Cumberland Slider

Cumberland Slider
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  • Item #: CS

Scientific Name: Trachemys scripta troostii

Identification:The carapace is olive brown with yellow markings. The adult carapace is wrinkled and oval-shaped. The plastron is hingeless and slightly smaller than the carapace. Each of the bottom sides of the marginals has a spot. The skin is brown with an olive to greenish tint with yellow striping. The plastron has dark spots. The turtle's legs in front have larger yellow stripes than most slider species, and the eyes have a yellow and orange stripe directly behind each eye. The stripe is never entirely one color, it starts out yellow and then fades into a dark orange-to-red color closer to the back of the neck.

Range: The Cumberland Slider is only found in eastern-northeastern Tennessee and the extreme southwestern corner of Virginia

Diet: Sliders will consume vegetables, greens such as mustard greens, turnip greens, dandelion, spinach, carrots, zucchini and any aquatic vegetation, i.e. duckweed, water lettuce, water hyacinth, etc. They will also consume insects, worms and fish. Many of the commercially prepared turtle diets that exist on the market today are excellent Slider food.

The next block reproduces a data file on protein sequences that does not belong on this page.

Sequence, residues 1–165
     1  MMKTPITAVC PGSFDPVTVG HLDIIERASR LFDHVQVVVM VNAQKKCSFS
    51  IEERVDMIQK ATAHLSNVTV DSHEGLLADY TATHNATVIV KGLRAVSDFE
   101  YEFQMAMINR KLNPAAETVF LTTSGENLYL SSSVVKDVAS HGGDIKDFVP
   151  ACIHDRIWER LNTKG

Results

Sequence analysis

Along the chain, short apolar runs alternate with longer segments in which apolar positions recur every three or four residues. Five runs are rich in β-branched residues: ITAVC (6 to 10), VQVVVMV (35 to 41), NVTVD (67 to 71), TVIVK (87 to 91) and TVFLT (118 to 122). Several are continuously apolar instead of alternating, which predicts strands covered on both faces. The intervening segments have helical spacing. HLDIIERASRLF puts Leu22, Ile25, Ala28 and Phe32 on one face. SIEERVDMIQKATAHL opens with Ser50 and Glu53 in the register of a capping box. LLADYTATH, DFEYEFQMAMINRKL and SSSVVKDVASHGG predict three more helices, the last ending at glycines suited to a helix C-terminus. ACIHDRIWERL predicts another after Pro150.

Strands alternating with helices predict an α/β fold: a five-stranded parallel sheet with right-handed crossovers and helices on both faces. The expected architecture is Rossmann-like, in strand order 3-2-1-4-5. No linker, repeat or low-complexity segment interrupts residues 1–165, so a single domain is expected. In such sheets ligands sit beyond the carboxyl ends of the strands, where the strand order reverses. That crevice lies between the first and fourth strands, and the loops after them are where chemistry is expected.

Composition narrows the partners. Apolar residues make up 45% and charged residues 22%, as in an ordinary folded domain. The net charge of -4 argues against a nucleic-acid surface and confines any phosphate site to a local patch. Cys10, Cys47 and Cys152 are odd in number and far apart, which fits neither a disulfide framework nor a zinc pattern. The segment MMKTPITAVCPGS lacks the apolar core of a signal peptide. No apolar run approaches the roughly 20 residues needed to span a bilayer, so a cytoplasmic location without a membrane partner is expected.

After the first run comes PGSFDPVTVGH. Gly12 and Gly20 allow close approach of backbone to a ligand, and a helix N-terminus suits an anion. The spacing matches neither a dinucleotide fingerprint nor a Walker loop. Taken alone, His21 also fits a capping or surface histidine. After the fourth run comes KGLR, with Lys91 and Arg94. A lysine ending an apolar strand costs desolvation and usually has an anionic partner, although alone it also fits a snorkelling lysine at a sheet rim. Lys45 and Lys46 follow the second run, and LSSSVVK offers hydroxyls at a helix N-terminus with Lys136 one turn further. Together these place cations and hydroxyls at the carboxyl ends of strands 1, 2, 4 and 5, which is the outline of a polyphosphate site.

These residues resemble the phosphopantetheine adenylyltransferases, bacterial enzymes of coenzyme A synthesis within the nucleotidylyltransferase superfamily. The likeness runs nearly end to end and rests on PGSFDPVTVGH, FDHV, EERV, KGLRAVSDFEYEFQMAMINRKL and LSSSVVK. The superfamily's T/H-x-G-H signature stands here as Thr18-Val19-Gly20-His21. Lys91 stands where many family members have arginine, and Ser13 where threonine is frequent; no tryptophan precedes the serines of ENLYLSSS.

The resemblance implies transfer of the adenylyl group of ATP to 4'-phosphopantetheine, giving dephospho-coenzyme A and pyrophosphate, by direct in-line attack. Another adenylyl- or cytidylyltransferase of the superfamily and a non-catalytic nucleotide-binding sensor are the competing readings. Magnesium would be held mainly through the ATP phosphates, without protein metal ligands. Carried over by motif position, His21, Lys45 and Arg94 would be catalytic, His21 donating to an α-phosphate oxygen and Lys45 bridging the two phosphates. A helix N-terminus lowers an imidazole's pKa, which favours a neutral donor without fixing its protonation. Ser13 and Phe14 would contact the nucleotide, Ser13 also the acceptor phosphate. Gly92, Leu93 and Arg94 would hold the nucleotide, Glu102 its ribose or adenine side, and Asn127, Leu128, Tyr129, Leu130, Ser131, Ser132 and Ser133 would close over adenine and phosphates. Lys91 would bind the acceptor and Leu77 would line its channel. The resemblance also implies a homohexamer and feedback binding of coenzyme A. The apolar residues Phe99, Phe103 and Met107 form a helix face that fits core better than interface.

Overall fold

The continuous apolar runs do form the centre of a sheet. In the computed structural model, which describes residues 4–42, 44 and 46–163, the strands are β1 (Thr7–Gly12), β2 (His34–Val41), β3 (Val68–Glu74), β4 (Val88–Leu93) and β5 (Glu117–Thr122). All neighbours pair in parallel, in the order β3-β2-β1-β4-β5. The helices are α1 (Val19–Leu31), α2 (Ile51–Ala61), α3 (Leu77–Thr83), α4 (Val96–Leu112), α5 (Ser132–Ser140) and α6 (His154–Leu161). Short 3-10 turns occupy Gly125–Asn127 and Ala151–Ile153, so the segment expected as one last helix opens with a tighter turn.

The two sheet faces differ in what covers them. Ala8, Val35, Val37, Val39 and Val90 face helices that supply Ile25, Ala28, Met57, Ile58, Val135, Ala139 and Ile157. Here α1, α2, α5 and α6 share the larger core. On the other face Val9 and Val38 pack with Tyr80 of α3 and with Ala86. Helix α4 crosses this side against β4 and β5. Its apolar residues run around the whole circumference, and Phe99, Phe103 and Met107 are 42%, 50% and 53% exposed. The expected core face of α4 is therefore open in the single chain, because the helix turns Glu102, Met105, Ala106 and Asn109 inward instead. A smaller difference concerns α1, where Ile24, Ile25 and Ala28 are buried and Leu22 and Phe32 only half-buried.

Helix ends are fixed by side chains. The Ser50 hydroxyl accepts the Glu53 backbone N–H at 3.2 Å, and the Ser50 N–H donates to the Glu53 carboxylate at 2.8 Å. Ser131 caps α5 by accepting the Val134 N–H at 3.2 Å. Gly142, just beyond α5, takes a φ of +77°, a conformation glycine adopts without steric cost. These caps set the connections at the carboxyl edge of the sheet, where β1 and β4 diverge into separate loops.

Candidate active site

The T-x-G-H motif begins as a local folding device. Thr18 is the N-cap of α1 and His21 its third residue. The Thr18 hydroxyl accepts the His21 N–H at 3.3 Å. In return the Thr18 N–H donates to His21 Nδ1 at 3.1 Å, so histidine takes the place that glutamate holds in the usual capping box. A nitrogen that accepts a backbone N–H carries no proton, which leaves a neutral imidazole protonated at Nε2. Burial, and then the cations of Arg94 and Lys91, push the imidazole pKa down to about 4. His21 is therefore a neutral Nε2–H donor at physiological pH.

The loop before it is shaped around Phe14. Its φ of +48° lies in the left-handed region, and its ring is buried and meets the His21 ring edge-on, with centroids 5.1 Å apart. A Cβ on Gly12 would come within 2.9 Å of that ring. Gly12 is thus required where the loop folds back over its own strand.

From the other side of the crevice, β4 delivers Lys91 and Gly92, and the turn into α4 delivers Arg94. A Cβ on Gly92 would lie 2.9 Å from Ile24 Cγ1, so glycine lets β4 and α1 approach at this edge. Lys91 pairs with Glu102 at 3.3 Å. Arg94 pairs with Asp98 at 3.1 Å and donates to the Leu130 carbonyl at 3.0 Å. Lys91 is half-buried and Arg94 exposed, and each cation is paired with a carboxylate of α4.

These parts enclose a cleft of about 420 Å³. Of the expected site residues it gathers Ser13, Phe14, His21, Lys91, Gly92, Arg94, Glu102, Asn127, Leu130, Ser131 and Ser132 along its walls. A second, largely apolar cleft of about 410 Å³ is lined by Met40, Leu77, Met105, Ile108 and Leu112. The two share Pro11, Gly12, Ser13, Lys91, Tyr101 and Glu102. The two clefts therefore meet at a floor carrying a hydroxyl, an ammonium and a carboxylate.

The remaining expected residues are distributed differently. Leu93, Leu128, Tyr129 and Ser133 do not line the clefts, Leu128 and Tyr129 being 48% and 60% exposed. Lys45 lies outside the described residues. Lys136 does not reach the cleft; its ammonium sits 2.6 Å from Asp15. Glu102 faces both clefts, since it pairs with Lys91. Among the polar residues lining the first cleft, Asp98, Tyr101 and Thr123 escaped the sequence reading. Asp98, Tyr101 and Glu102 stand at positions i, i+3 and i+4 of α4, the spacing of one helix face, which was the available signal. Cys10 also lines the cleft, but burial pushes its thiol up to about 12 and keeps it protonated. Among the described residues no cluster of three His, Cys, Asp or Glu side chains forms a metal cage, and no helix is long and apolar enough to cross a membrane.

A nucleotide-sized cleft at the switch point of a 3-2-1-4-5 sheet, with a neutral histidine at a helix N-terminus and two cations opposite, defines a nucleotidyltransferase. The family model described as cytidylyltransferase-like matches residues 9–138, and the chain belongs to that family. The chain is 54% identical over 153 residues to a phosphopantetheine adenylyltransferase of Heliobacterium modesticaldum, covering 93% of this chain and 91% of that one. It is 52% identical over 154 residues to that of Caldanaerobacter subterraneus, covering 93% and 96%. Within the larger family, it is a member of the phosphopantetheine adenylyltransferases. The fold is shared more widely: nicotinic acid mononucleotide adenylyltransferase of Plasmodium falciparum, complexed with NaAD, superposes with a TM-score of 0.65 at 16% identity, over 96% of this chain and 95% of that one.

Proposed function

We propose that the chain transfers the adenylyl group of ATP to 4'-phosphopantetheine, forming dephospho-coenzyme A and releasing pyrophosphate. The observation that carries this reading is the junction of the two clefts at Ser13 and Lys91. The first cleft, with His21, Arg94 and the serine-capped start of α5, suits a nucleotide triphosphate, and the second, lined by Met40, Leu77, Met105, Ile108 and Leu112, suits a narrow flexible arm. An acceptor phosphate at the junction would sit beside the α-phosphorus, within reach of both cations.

Cumberland Sliders are a rare cousin of the most common turtle the world over, the Red Eared Slider. It is also known as the Cumberland turtle. Because it occurs in a different geographic location from the yellow-bellied slider (Trachemys s. scripta). Intergradation does not occur between these two forms which is a considerable problem with its Red Ear cousin.

This turtle is a communal basker. It basks on protrusions out of the water and may bask in stacks or with other species. Sliders bask extensively in captivity. As long as there are no signs of obvious health problems (swollen eyes, runny nose or gaping) and your turtle is active, eating & willing & able to enter the water, swim & submerge, frequent & extended basking is normal.

They are active from April to October and year around if kept in warmer climates. 'Slider' comes from their habit of sliding into the water when alarmed when basking, because they go to deep waters for safety where most predators cannot pursue them.

Sliders are frightened of humans & dive in from basking sites quickly (the more accustomed they are to seeing humans, the closer you can get). If handled they withdraw into the shell, may hiss &/or void the bladder, & offer to bite. Most won't lash out (as common snappers do) but a finger put closely in front of the face may be bitten hard.

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Price $20.00

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